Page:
Home Headlines Famous “Dog Whisperer” Cesar Millan investigated for animal cruelty

Famous “Dog Whisperer” Cesar Millan investigated for animal cruelty

by Yucatan Times
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Los Angeles County sheriff’s deputies and animal control officers paid a visit to celebrity “Dog Whisperer” Cesar Millan’s Santa Clarita animal training facility Thursday to investigate a report of animal cruelty, authorities said.

The Los Angeles Times reported the visit was in response to an online animal cruelty complaint tied to a Feb. 26 episode of Millan’s show “Cesar 911,” where a dog nipped at a pot-bellied pig.

Authorities confirmed they visited the facility in the 20000 block of Blue Cloud Road about 5:45 p.m.

In a statement released to the media, National Geographic Wild, which airs the show, explained what happened in the episode:

“Millan was working with Simon, a French bulldog/terrier mix, who frequently attacked other animals, including his owner’s pet pot-bellied pigs. A short clip from the episode was shared online and showed Simon chasing a pig and nipping its ear, causing the ear to bleed. The clip caused some concern for viewers who did not see or understand the full context of the encounter. The pig that was nipped by Simon was tended to immediately afterward, healed quickly and showed no lasting signs of distress.”

The dog ultimately did not have to be euthanized or separated from its owner, according to the statement.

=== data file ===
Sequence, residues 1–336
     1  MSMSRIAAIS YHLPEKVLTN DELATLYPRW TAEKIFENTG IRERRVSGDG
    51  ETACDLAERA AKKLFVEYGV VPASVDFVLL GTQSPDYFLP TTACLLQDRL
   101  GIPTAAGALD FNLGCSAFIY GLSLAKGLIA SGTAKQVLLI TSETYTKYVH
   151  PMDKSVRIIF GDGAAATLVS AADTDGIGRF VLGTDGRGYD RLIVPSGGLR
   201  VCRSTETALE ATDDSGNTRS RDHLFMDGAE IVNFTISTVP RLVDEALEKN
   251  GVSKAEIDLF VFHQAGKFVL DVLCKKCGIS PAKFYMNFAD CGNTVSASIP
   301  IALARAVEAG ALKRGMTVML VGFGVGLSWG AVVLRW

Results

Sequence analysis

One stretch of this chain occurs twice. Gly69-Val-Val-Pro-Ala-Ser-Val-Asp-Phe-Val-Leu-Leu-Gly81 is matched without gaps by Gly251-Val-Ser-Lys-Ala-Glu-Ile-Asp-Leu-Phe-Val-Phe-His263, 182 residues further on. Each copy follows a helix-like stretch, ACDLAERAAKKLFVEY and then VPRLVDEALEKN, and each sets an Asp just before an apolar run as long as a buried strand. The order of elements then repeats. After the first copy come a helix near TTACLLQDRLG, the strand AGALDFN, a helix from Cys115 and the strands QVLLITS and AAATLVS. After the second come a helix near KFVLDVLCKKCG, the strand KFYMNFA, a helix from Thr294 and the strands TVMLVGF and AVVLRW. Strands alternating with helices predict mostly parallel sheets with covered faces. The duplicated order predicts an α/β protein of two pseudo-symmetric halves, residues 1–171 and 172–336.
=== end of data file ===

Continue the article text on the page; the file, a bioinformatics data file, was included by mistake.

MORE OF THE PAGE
“Cesar Millan is and will continue to fully cooperate with authorities in ‎any investigation. He is confident that the investigation will show there was no wrong doing,” the statement said.

The episode took place at the Dog Psychology Center, a 45-acre dog rehabilitation ranch.

No arrests have been made and the investigation is ongoing.

Last year, Milan was sued by a woman who claims she was attacked by a vicious pit bull that had been prematurely released by Millan’s dog training center.

The woman, a critical care nurse in Florida, declared she suffered “disfiguring open wounds, deep muscle and tendon lacerations” and bone fractures in the Sept. 23, 2014, attack, just six days after the dog had been released by Millan’s Dog Psychology Center.


By Joseph Serna for the LA Times

Source: http://www.latimes.com/


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